Anyhoo, back then, GeoCities only gave about 2MB of space and then it increased to 5MB, then 10MB, then 15MB. A community leader got as much as 25MB.
LiveJournal happened (to me) in 2001 and it became my repository for personal rants and raves. No web skills necessary, just post and click. I still owe a lot to LJ because accounts of the incidents from 2001 up to the present had been able to help me clear my memory in court. It feels good to write about something because your brain can only store so much information. With LJ, you rely on gigabytes of virtual memory to remember for you. Thing is, you don't feel like you have space usage to keep track of. Only that if you don't have a paid account, you use less resources. If you want to use those nice fancy layouts and more avatars, you either pay or let advertisers rape your LJ. Diwa was able to override the default layout by using CSS, which I'm too lazy to do because I do not make money from LJ. Hehe.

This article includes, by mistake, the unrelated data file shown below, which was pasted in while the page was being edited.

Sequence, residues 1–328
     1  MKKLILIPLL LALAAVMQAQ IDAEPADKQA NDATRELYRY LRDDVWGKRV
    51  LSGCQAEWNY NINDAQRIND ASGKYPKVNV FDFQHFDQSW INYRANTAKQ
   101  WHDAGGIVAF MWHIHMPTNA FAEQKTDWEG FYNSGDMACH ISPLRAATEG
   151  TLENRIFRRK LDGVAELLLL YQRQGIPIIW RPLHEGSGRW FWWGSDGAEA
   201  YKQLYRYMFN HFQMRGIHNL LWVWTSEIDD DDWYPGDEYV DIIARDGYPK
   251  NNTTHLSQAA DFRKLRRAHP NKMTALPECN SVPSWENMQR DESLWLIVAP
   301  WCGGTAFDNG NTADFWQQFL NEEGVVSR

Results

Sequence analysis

I joined Friendster in 2005, after years of staying away from it. There I found high school batchmates ("Ooh, the women are hotter and the men are fatter!"), college friends, old orgmates and even long lost cousins. Thing is, Friendster is TEH UGLY. It has the limitations of Web 1.0 and the developments of a stunted Web 2.0 site. Like it attempted to crossover to Web 2.0 but didn't make the cut. Low res photos, ugly blog layouts, vulgarity everywhere. The only reason I'm keeping my account there is the fact that my past is tied to it. I lose it, I lose all the contacts I thought I'd never find again. On the bright side, whenever I'm teaching interfaces, I always use Friendster as an example for things that webmasters shouldn't do.